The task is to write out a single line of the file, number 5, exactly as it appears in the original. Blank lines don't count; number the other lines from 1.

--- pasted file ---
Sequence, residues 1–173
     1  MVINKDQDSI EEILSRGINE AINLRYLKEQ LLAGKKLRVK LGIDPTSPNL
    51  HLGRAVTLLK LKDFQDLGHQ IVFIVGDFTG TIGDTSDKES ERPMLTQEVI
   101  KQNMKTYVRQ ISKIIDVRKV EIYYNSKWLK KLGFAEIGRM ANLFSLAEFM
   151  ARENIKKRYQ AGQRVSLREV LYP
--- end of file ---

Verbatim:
   151  ARENIKKRYQ AGQRVSLREV LYP